Science is continually confronted by new and difficult social and ethical problems. Some of these problems have arisen from the transformation of the academic science of the prewar period into the industrialized science of the present. Traditional theories of science are now widely recognized as obsolete. In Scientific Knowledge and Its Social Problems (originally published in 1971), Jerome R. Ravetz analyzes the work of science as the creation and investigation of problems. He demonstrates the role of choice and value judgment, and the inevitability of error, in scientific research. Ravetz's new introductory essay is a masterful statement of how our understanding of science has evolved over the last two decades.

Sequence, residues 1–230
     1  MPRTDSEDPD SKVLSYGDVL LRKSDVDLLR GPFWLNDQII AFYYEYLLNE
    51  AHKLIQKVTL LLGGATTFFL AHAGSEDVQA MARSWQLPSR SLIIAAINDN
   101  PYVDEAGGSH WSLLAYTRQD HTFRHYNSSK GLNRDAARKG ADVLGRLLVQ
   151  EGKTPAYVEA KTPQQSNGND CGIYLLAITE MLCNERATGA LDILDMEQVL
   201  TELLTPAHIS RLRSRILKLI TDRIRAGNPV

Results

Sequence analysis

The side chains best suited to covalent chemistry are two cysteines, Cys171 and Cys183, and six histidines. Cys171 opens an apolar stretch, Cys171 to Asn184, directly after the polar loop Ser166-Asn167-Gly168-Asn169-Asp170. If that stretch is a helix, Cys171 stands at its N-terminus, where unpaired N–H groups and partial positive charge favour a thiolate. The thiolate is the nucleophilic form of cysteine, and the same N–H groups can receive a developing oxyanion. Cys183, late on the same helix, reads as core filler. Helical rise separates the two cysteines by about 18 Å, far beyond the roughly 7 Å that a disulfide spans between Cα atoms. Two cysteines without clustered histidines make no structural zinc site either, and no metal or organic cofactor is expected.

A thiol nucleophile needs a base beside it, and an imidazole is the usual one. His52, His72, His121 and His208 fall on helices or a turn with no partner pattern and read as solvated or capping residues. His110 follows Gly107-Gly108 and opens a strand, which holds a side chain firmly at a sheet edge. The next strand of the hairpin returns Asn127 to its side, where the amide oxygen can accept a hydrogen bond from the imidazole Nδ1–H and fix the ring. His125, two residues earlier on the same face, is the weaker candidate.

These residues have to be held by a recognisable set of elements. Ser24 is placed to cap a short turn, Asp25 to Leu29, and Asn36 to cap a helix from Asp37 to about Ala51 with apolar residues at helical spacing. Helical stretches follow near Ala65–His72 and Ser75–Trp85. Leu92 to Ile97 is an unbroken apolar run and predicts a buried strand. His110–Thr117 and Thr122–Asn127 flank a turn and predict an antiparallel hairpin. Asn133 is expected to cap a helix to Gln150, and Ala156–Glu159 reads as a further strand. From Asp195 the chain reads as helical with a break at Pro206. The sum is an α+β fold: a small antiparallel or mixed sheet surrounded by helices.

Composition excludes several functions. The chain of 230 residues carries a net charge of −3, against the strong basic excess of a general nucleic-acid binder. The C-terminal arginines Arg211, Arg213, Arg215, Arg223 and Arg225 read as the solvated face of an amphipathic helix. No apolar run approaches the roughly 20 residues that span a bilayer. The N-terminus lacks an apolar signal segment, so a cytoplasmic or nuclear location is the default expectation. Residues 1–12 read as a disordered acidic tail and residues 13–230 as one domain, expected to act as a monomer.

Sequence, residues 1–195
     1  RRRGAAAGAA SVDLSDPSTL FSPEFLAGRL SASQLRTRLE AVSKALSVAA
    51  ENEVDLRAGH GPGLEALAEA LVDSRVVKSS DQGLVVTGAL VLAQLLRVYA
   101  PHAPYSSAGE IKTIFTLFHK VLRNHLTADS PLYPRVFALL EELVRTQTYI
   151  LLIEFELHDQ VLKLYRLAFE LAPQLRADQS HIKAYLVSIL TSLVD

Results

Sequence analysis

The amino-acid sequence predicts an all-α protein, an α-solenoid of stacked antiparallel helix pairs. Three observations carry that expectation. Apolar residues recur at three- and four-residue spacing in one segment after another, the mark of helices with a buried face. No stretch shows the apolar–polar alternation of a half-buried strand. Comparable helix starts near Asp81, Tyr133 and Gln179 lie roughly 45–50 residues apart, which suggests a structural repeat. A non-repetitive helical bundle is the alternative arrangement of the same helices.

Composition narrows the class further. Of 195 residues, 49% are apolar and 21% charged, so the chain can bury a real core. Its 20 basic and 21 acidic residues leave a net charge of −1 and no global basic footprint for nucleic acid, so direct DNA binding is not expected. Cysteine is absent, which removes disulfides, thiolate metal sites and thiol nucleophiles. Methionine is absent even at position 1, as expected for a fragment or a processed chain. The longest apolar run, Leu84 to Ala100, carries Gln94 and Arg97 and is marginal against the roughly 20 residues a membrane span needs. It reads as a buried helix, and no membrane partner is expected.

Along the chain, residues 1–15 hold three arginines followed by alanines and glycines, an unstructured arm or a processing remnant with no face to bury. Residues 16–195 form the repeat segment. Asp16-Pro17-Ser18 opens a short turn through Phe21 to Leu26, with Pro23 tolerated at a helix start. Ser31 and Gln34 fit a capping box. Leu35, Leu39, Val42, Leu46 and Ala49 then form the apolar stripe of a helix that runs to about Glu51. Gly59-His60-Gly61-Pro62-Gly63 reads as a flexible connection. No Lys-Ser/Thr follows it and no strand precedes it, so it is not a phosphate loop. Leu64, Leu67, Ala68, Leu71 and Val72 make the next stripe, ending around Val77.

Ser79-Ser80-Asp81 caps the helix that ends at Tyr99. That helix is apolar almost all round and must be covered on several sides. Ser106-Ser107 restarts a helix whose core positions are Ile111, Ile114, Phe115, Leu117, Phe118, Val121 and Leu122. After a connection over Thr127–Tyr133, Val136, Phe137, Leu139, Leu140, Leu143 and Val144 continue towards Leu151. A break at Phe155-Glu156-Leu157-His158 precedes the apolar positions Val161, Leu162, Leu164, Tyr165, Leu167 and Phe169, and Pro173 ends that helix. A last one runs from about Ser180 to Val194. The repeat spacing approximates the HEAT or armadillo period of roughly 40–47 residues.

Table of Contents
Introduction to the Transaction Edition -- Preface -- Introduction -- PART I. THE VARIETIES OF SCIENTIFIC EXPERIENCE -- 1. ‘What is Science ?’ -- 2. Social Problems of Industrialized Science -- PART II. THE ACHIEVEMENT OF SCIENTIFIC KNOWLEDGE -- 3. Science as Craftsman’s Work -- 4: Scientific Inquiry: Problem-Solving on Artificial Objects -- 5. Methods -- 6. Facts and their Evolution -- 7. The Special Character of Scientific Knowledge -- PART III. SOCIAL ASPECTS OF SCIENTIFIC ACTIVITY -- 8. The Protection of Property -- 9. The Management of Novelty -- 10. Quality Control in Science -- 11. Ethics in Scientific Activity -- PART IV. SCIENCE IN THE MODERN WORLD -- 12. Technical Problems -- 13. Practical Problems -- 14. Immature and Ineffective Fields of Inquiry -- PART V. CONCLUSION: THE FUTURE OF SCIENCE Index of Names Index of Topics General Index.
Jerome R. Ravetz taught history and philosophy of science at the University of Leeds; he is now based in London, as a consultant and independent scholar.